SINGAPORE: The defence in the corruption trial of the former chief of the Central Narcotics Bureau (CNB), Ng Boon Gay, has asked the court not to convict an innocent man just to bring home the message that corruption is wrong.
Senior Counsel Tan Chee Meng, who is defending Ng, made the statement in his closing arguments on Monday morning.
Ng, 46, is accused of obtaining oral sex from 36—year—old Cecilia Sue, a former IT sales representative, in exchange for helping to further the business interests of her employers.
Mr Tan pressed the prosecution to nail the evidence in the case.
Mr Tan said a criminal trial is not prosecuted based on general principles and arguments but evidence on which the accused can be convicted.
He pointed to the so—called inconsistencies with which the prosecution had sought to impeach Ng.
He argued that the prosecution picked and chose selected parts of Ng’s statements to the Corrupt Practices Investigation Bureau (CPIB) and took them out of context.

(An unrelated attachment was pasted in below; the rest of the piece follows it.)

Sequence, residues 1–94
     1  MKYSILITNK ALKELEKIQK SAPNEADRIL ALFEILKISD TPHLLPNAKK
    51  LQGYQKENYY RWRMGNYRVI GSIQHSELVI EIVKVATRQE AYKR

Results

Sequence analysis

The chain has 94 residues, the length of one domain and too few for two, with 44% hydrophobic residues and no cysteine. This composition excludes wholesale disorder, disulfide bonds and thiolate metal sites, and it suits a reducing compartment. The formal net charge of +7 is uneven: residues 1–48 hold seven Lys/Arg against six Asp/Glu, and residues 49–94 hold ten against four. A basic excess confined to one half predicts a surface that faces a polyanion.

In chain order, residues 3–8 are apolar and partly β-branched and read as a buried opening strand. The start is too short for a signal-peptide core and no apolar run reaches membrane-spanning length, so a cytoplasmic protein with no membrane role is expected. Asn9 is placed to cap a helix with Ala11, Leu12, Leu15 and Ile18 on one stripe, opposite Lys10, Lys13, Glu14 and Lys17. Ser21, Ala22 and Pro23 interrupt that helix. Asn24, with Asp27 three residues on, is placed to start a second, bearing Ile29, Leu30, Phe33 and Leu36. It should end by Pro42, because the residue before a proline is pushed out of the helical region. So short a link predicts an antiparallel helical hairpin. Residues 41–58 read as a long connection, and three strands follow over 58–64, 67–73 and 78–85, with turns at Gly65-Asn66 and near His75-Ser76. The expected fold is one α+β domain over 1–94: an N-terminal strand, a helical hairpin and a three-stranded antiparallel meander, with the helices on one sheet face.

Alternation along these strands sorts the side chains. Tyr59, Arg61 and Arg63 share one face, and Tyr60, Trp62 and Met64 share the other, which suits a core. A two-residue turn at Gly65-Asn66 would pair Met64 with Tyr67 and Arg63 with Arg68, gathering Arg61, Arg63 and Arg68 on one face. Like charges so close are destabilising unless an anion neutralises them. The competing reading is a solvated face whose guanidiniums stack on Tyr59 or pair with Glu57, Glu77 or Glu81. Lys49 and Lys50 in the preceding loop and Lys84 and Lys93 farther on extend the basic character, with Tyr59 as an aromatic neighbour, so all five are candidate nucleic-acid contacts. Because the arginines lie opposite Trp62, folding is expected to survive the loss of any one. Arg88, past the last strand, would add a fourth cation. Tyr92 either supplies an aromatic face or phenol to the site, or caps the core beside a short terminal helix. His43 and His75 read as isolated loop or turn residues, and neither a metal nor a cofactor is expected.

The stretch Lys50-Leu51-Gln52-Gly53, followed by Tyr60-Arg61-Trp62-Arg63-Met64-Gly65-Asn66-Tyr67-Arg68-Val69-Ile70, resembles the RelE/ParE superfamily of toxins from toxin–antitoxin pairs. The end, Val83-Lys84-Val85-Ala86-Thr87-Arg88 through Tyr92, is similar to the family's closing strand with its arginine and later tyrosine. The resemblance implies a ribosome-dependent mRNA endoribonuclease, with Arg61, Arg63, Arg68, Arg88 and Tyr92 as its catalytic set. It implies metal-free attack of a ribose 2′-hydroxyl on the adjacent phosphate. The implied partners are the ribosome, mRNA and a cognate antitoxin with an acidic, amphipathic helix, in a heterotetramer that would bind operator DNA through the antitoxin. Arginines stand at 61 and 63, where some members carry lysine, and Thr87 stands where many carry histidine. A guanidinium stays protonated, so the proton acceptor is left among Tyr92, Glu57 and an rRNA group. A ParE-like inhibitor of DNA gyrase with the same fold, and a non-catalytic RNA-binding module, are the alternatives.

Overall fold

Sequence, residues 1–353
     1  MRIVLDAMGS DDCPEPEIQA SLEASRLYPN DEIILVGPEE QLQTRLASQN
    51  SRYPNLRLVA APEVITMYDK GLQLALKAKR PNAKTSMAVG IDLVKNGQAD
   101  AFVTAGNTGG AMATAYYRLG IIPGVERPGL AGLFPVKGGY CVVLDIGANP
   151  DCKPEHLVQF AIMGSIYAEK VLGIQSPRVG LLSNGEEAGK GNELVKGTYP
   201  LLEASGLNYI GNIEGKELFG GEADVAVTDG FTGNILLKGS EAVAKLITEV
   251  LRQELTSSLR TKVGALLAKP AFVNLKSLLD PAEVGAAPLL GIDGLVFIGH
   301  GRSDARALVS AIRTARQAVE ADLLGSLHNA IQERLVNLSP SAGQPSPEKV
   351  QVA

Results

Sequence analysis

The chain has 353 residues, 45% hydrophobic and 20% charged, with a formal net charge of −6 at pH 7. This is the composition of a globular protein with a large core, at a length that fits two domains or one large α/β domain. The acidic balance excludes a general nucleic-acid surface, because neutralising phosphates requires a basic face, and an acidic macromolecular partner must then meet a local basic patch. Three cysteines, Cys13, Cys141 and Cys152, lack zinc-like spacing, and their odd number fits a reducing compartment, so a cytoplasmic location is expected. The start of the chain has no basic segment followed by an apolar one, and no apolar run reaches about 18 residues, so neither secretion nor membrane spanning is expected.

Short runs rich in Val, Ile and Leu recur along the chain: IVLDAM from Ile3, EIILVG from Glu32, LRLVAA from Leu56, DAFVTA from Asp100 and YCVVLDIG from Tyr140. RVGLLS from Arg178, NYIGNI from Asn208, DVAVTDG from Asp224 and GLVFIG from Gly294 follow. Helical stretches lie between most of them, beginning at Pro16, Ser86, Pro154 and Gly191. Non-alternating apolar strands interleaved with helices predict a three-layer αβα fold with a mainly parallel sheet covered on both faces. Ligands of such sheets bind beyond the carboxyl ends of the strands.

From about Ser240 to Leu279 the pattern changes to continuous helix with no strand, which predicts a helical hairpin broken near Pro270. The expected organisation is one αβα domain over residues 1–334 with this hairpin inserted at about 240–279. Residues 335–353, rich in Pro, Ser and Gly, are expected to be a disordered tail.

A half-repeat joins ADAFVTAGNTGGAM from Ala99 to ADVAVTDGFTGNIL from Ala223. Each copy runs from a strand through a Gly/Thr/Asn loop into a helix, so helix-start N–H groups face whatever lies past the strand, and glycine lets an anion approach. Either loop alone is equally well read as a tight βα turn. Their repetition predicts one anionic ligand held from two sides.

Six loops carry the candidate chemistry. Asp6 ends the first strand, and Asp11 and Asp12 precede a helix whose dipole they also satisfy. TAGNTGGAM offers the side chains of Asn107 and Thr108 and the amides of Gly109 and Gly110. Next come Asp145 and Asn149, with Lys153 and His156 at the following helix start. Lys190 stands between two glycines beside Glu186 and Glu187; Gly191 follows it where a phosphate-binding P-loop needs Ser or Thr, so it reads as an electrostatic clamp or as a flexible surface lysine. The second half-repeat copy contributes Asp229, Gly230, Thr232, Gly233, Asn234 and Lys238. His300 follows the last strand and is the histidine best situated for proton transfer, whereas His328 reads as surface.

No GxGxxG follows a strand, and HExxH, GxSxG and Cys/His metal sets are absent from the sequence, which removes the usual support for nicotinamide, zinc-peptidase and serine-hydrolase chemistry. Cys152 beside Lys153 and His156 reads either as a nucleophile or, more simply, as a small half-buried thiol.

The defence pointed out that Ng did not influence CNB’s procurement of projects with NCS and Jardine OneSolution.
Mr Tan said all procurement processes were complied with and that Ms Sue never asked Ng for favours, nor did she expect favours from Ng.
But Mr Tan admitted that there was a non—declaration conflict by Ng. However, he maintained that this in itself does not amount to corruption.
Given all these factors, he argued that the only possibility left for the prosecution is to base its case on future favours, which the defence said does not make sense.
Mr Tan said the prosecution’s case is internally inconsistent and that it is dangerous to convict Ng on Ms Sue’s evidence.
He said the prosecution had acknowledged that its key witness had lied in court but had taken "a blinkered approach with selective references to the evidence" and made submissions "without any evidential basis".
Mr Tan stressed that the prosecution is asking the judge to speculate, in the absence of evidence, as to what went on in Ms Sue’s mind and what went through Ng’s mind.
"We do not come before the court to read minds. It would be totally unsafe to base a conviction on this," said Mr Tan.
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